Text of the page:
Let’s face it: anyone who saw Indiana Jones as a kid wants to be an archaeologist on some level, and we’d all like to be palaeontologists after seeing Jurassic Park. But it turns out you don’t actually have to go to school for it.
Even nine-year-old kids can sometimes get an early start on opening up the past for the rest of us, as a lucky kid in New Mexico recently found out. And he wasn’t even on an expedition — he was just out for a walk with the family.
The kid in question is an American by the name of Jude Sparks, who was just minding his own business when he stumbled across something that immediately struck him as being out of the ordinary.
To his credit, he immediately thought it looked like “fossilised wood”, in his words (but just to be clear, wood usually doesn’t fossilize — it petrifies. Although it can appear in the fossil record).
The family took a quick photo and had the idea to send it to a palaeontologist. And it turns out the discovery was something much cooler. I mean, unless you’re a huge fan of petrified wood — it was actually the fossilised skull of an extinct animal known as a Stegomastodon.
The name hints at a hybrid, but don’t get your hopes up. It’s still just as amazing though — the Stegomastodon is a massive pre historic tusked mammal.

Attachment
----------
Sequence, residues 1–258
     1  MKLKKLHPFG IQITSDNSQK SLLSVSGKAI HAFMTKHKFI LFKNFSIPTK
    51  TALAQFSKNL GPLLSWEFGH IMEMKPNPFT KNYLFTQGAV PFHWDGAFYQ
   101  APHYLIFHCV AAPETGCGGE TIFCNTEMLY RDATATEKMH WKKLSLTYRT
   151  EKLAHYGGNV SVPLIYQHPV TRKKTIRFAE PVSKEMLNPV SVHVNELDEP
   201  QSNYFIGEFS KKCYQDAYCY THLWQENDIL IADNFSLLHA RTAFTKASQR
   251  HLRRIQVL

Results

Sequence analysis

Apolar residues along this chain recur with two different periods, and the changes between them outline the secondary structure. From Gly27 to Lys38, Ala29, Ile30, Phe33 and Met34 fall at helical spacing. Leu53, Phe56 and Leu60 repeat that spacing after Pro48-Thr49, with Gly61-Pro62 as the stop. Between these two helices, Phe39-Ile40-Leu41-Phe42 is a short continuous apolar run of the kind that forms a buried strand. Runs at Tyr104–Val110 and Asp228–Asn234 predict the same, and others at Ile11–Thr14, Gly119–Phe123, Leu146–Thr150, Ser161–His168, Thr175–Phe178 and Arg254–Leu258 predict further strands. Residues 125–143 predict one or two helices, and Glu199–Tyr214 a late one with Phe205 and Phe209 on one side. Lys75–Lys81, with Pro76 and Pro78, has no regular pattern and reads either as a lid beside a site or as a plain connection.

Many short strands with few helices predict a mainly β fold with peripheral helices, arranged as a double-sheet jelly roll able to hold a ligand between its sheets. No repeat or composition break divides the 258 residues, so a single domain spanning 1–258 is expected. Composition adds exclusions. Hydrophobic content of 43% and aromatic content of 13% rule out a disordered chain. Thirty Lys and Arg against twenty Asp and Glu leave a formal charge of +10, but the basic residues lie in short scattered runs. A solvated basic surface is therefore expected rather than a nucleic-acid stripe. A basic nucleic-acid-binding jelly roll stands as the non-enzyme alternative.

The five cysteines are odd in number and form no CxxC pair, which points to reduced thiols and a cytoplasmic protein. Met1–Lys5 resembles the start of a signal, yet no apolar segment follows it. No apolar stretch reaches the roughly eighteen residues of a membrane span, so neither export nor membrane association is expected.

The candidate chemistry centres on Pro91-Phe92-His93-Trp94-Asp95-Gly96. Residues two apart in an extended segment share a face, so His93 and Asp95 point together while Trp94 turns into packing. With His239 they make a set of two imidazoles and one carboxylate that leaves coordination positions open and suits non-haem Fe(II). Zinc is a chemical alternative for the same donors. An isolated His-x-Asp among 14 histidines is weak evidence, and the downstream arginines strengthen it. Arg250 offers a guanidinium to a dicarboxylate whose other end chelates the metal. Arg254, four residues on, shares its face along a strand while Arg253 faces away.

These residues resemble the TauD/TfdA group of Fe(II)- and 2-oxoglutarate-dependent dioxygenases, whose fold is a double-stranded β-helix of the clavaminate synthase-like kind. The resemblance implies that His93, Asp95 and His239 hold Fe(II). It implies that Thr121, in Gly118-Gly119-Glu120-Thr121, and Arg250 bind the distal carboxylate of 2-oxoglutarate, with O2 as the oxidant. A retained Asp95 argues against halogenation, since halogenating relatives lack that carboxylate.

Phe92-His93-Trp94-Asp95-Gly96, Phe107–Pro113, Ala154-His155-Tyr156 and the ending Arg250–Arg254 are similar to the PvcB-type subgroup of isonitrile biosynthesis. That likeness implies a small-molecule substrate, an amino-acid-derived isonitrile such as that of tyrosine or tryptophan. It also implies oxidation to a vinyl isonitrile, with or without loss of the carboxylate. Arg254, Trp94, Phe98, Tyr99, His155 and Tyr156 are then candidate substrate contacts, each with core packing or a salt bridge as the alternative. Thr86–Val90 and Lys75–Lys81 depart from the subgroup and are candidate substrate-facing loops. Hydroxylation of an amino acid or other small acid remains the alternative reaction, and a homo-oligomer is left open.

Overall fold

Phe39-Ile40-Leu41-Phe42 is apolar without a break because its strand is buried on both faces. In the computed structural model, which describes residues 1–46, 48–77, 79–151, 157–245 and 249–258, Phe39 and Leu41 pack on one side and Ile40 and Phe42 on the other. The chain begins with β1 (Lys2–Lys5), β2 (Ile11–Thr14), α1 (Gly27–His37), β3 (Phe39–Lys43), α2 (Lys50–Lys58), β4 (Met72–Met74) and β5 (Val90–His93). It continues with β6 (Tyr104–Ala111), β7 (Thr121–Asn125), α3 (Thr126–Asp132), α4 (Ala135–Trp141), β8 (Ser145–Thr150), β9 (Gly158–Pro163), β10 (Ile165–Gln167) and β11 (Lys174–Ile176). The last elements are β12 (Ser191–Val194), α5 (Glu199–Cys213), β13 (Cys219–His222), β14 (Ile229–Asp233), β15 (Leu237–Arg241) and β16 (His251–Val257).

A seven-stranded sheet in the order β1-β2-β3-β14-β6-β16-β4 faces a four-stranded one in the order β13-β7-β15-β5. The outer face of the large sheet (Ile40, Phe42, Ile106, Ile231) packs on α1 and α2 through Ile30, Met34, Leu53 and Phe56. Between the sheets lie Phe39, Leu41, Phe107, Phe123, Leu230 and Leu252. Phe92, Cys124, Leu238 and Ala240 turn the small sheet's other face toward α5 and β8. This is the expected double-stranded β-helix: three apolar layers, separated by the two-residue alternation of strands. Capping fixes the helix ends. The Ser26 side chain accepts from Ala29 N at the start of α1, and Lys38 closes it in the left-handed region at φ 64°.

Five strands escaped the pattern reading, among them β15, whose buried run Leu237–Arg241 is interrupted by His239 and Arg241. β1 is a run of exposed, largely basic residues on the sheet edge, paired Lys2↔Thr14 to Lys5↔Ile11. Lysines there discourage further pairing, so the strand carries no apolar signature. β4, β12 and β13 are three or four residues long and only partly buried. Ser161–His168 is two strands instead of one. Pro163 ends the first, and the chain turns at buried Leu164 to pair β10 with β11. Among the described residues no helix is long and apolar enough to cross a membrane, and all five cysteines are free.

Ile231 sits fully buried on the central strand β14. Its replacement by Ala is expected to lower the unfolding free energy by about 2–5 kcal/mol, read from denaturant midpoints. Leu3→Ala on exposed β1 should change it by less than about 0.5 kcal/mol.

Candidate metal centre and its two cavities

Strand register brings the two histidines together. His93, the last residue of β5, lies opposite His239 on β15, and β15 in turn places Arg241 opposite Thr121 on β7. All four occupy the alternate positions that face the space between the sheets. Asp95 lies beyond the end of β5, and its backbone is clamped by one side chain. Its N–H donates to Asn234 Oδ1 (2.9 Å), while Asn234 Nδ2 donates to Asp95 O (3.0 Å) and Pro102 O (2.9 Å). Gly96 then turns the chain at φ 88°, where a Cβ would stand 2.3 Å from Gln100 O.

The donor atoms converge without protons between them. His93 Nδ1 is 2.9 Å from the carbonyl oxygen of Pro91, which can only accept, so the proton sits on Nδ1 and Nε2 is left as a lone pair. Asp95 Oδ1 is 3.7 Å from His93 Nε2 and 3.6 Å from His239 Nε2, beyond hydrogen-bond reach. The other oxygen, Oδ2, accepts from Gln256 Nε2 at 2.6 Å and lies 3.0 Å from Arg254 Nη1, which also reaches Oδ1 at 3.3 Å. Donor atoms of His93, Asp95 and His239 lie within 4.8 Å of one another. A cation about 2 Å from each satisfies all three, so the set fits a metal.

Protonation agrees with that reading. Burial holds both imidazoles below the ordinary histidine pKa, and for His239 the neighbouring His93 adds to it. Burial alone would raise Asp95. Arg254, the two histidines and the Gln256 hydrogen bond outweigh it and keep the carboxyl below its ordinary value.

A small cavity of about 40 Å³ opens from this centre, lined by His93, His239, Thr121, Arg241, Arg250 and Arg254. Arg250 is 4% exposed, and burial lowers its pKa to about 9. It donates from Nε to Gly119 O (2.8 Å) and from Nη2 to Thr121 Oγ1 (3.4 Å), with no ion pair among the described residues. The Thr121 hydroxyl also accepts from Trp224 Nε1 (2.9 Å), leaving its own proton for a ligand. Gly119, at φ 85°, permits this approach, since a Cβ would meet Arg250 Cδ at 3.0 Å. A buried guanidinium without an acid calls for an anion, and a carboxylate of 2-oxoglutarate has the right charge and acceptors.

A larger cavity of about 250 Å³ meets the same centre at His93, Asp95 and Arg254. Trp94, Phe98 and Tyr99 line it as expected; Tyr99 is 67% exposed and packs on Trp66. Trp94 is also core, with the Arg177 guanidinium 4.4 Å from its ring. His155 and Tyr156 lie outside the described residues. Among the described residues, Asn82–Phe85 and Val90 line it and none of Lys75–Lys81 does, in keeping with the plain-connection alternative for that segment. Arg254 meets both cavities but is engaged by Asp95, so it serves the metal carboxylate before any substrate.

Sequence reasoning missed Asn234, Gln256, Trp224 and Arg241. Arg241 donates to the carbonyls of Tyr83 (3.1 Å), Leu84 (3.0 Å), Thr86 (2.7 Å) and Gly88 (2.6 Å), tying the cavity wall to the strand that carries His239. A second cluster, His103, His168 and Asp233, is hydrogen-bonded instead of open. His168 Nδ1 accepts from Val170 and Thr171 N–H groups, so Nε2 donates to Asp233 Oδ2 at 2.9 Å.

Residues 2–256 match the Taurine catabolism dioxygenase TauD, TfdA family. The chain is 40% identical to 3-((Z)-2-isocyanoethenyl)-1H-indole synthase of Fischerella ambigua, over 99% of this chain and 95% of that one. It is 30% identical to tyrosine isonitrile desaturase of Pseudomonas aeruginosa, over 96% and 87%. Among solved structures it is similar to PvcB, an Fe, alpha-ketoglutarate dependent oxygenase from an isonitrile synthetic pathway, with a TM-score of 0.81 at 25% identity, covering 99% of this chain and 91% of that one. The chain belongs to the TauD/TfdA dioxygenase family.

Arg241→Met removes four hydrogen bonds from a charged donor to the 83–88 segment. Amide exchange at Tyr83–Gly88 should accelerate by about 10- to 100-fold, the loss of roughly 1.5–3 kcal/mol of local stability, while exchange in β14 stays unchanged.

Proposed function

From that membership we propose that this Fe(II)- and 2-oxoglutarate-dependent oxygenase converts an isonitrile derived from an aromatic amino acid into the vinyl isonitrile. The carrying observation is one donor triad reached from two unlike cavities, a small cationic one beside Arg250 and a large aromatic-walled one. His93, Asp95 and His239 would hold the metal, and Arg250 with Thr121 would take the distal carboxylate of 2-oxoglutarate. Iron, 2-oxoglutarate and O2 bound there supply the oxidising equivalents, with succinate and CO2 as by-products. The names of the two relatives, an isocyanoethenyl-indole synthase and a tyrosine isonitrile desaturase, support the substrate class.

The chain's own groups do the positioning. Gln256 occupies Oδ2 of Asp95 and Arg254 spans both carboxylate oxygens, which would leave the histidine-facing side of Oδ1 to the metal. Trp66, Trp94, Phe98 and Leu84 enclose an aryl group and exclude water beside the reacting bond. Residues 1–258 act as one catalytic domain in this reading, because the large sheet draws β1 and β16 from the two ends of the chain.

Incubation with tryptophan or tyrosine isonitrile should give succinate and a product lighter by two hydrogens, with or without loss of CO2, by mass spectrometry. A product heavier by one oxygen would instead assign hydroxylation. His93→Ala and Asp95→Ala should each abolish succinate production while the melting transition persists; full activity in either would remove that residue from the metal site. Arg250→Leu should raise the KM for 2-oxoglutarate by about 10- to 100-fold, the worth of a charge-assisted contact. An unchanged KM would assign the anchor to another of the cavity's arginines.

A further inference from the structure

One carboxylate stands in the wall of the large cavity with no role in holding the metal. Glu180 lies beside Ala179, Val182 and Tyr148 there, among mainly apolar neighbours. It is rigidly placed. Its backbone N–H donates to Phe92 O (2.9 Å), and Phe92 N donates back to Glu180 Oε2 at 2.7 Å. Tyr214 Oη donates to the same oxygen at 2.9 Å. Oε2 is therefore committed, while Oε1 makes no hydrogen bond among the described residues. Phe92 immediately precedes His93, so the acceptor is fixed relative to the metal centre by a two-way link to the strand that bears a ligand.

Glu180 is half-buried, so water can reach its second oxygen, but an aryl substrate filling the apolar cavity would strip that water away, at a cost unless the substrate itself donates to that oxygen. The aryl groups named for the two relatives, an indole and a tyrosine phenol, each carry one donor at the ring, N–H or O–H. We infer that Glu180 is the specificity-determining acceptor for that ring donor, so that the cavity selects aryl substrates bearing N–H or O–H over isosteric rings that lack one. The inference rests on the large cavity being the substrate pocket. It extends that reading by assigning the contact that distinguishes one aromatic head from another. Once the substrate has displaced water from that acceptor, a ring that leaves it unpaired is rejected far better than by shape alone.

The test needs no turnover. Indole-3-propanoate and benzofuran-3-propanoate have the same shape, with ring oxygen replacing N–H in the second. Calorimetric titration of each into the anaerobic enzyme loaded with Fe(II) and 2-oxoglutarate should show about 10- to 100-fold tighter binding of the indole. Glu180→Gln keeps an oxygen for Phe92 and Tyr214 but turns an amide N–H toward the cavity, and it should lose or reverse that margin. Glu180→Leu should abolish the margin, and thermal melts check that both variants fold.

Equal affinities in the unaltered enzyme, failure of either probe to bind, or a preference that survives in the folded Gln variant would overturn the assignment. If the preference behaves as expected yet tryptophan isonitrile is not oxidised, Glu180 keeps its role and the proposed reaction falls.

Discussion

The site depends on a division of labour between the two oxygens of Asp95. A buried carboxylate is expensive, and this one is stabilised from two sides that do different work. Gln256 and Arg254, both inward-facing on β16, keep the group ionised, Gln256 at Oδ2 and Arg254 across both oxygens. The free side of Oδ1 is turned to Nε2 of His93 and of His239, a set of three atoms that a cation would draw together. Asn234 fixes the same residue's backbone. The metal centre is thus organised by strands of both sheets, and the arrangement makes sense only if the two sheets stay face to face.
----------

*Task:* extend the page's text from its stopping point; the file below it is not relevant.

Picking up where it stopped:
That’s probably a lot cooler than whatever you found as a nine-year-old, which was more than likely just a discarded pack of smokes in the park, or possibly your friend’s dad’s dirty magazines.
The paleontologist involved in the find ensured that their discovery was investigated, earning young Jude a claim to fame as one of the youngest amateurs every to make a major paleontological discovery.
And it is major — these things don’t just pop up every day. That’s because preserved Stegomastodon specimens usually disintegrate more or less immediately upon exposure to the elements. The Sparks family just had the good fortune to stumble upon it at a good time, probably right after the remains were exposed by erosion in the area.
So how old is thing? More than a million years old, in fact. Not bad for a random find on a casual stroll.
So keep your eyes open the next time you’re out walking around in a wild area after some heavy rain or another erosion-inducing event. Because evidence of earlier life forms is buried all around us — it just takes a bit of curiosity, and of course a palaeontologist who is willing to follow up on an amateur claim.
As for that last part, don’t hesitate to reach out if you find one. In the words of Dr Peter Houde, the palaeontologist who helped out with the find:
We’re really, really grateful that they contacted us, because if they had not done that, if they had tried to do it themselves, it could have just destroyed the specimen.
Well done, young Mr Sparks.
Lead image: NY Times